News stories are reporting the drowning death of a toddler on June 20th, near 6:00 p.m at a home in Clinton Township. The young boy’s name was Marcellas. News stories did not provide the young boy’s full name, but did provide some details of this tragic accident.
Several adults and children were at the home at the time of the incident. The boy was found drowned inside the in-ground pool by his mother’s boyfriend. The boyfriend removed the child from the pool.
Adults at the home tried to transport the toddler in a private vehicle until they met up with EMS personnel as they were leaving the subdivision. Marcellas was taken to Henry Ford Hospital. He was pronounced dead after efforts to resuscitate him were unsuccessful.
An investigation into the circumstances surrounding his death is currently underway. An autopsy is expected to be completed by Monday by the Macomb County Medical Examiner.
Because toddlers lack judgment about safety and environmental hazards, they are at high risk for injury and death. Drowning is the second highest cause of injury-related deaths in children between the ages of one and nine years old. Mortality rates secondary to drowning are three times higher for males. Approximately 78% of drowning victims are male.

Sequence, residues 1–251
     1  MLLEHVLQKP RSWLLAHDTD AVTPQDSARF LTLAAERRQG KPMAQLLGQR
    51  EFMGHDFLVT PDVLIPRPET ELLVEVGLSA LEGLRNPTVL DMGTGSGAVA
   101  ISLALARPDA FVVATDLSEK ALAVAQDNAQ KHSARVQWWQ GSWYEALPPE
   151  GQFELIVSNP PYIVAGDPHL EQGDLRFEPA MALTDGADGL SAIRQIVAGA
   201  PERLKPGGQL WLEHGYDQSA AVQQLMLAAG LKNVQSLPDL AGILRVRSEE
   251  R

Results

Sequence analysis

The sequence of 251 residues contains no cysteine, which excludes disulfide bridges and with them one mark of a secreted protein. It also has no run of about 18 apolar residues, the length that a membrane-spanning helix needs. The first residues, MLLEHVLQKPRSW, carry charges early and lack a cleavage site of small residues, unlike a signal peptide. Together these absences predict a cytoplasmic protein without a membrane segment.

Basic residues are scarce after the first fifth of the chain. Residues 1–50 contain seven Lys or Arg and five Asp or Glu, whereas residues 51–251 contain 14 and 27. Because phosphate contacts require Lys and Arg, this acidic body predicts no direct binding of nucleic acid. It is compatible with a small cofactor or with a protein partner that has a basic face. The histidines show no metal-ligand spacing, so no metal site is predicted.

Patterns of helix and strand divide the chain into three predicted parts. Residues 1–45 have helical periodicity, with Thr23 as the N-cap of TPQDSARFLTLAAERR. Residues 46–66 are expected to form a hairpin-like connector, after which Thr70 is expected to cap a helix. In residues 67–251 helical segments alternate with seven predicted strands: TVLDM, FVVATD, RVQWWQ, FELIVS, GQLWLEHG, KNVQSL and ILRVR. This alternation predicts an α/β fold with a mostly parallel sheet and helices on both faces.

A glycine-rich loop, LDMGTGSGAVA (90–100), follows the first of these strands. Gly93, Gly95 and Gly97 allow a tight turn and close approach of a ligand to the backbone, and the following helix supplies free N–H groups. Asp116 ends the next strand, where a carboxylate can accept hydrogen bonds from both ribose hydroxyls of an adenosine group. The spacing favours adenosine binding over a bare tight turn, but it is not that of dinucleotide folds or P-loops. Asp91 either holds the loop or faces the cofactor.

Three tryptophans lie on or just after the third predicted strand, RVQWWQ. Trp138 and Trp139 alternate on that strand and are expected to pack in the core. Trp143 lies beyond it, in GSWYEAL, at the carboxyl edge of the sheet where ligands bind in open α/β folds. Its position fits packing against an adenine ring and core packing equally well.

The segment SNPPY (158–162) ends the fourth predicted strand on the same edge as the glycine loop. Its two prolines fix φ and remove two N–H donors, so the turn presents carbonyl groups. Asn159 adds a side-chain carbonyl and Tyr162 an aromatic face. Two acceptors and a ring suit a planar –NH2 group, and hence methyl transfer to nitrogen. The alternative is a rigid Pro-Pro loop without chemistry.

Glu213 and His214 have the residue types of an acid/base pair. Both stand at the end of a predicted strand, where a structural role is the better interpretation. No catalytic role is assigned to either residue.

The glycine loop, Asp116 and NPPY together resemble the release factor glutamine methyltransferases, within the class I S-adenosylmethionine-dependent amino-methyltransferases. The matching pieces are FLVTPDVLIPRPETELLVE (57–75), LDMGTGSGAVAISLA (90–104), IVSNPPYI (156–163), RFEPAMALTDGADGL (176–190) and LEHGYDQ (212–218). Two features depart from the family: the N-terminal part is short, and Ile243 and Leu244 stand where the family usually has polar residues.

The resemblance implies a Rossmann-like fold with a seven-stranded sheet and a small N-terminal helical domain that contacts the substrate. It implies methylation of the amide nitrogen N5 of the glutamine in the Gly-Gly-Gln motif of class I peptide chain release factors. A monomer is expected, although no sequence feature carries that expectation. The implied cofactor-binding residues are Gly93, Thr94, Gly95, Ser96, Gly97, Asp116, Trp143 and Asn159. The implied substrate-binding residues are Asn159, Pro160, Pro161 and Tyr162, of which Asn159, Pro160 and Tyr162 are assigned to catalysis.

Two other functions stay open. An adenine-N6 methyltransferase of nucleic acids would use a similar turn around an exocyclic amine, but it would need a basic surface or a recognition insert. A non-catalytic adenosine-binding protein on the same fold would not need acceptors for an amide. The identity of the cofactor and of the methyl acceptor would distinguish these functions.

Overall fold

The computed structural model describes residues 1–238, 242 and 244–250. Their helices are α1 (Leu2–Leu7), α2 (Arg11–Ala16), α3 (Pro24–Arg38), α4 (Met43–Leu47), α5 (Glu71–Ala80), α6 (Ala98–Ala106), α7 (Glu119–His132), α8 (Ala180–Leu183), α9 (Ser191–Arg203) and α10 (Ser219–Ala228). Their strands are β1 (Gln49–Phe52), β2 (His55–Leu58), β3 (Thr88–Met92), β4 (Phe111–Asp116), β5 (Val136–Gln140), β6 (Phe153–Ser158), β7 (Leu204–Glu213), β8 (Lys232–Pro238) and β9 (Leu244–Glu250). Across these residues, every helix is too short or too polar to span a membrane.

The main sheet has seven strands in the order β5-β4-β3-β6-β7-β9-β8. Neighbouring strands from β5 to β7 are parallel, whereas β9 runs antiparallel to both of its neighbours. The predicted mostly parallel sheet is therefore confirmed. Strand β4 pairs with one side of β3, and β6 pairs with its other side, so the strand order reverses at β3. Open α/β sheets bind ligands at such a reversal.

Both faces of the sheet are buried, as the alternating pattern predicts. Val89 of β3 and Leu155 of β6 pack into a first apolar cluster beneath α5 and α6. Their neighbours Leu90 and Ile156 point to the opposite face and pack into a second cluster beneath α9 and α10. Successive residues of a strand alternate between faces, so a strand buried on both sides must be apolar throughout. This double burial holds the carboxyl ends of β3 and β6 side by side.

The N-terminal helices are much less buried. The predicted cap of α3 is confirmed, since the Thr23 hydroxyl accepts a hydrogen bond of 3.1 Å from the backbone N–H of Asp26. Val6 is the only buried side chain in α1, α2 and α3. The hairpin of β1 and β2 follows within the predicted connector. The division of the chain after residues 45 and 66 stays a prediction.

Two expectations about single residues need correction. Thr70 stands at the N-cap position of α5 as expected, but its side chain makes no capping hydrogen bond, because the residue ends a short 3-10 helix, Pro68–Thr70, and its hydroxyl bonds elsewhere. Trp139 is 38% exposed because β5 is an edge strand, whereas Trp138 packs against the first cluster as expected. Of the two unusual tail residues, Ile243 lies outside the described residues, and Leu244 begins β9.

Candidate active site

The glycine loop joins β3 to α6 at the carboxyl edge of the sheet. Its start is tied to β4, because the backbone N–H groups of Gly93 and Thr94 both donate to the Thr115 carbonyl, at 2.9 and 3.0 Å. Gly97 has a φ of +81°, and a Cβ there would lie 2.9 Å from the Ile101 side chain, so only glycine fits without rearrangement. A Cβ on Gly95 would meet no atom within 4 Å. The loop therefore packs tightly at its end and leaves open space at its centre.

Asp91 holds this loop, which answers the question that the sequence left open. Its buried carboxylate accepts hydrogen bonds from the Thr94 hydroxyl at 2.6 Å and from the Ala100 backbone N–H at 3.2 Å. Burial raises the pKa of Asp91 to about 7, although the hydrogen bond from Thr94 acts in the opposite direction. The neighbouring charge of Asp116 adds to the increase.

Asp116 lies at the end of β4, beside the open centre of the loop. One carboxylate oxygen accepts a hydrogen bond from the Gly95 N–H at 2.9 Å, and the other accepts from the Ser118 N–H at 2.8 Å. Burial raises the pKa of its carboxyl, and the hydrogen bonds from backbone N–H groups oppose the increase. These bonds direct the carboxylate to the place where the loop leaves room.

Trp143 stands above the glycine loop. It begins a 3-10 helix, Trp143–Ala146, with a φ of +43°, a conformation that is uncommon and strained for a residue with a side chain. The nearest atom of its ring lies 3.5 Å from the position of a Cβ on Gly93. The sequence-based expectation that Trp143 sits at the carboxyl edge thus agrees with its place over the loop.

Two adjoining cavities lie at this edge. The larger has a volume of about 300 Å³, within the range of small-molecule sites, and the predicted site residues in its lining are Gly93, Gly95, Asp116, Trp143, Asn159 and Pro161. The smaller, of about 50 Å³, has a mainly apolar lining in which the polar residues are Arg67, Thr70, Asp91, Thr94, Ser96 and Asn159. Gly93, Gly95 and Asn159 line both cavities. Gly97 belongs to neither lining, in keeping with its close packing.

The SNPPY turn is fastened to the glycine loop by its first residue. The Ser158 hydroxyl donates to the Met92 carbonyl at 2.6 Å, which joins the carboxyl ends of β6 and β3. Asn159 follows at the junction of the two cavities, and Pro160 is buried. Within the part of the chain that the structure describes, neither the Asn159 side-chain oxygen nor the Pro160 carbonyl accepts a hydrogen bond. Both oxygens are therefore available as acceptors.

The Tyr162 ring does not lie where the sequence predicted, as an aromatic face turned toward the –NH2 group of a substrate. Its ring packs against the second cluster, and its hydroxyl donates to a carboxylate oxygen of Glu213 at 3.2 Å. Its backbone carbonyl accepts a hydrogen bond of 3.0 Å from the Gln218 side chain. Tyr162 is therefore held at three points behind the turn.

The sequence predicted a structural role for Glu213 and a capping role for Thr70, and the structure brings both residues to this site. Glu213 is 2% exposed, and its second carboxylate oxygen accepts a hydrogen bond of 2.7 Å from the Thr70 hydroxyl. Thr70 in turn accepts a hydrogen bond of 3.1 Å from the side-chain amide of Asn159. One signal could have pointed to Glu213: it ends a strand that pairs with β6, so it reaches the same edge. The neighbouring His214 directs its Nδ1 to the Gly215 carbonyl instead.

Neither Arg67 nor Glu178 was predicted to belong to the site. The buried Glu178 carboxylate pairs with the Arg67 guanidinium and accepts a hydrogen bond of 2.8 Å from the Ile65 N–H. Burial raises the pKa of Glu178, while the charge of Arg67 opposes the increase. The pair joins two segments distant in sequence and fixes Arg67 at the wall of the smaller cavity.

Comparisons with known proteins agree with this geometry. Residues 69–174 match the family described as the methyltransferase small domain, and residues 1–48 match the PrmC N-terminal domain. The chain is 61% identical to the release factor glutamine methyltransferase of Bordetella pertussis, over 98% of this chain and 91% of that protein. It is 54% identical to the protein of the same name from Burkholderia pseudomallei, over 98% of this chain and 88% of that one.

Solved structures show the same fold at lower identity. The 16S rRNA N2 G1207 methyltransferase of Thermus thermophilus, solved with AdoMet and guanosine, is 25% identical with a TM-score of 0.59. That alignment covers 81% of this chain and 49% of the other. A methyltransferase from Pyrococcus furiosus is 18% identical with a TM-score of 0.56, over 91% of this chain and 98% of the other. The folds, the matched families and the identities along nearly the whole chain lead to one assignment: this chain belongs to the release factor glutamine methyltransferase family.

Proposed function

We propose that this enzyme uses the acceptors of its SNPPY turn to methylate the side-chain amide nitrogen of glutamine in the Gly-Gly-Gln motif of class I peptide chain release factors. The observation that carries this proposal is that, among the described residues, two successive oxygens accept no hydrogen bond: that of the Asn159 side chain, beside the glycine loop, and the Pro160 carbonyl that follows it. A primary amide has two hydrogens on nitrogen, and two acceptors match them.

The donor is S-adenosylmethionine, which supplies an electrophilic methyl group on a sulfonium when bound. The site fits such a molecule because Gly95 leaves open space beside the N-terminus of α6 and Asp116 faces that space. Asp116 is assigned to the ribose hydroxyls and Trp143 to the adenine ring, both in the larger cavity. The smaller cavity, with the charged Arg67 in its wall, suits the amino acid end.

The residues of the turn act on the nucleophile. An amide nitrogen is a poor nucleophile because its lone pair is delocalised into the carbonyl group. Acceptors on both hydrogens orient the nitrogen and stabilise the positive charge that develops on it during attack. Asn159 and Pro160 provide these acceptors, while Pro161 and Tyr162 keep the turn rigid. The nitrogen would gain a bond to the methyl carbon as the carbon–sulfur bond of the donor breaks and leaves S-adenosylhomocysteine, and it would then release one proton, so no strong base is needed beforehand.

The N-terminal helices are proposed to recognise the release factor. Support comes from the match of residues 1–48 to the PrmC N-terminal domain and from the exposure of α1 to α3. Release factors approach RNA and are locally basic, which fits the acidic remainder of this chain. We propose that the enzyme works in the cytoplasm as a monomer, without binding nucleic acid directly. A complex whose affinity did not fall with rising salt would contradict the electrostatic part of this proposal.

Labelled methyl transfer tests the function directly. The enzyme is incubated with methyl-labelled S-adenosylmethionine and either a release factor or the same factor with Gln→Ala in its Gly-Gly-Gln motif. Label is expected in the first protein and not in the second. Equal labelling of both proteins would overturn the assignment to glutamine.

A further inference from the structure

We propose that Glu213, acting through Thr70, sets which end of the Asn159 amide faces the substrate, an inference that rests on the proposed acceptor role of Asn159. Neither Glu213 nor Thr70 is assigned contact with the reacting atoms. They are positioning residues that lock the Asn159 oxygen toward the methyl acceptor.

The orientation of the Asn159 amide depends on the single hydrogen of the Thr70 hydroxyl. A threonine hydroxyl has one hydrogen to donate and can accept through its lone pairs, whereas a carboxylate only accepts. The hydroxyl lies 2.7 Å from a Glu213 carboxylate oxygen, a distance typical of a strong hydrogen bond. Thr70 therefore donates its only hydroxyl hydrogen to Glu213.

Toddlers are at a high risk of drowning because they do not have the developmental ability to swim, nor can they keep their heads above water, or know how to get out of water. Unlike adults, young children do not call out for help while in distress, they generally drown silently. Drowning may occur in very shallow water, including pails of liquid, toilets, bathtubs and baby pools. According to the CDC, children between the ages of one and four years of age are more likely to drown in swimming pools and hot tubs.
Unlike adults, young children do not call out for help while in distress, they generally drown silently. Near-drowning accidents can result in permanent brain damage. For every child that drowns there are approximately five near-drowning episodes in children.
To prevent death and injury from drowning, supervise toddlers at all times while they are playing in or near a pool. Stationary pools should have a locked fence around them. Never leave a toddler unsupervised in a bath tub. Supervision is very important, for this reason. Lapses in adult supervision, even while parents were home, are very common features of drowning accidents.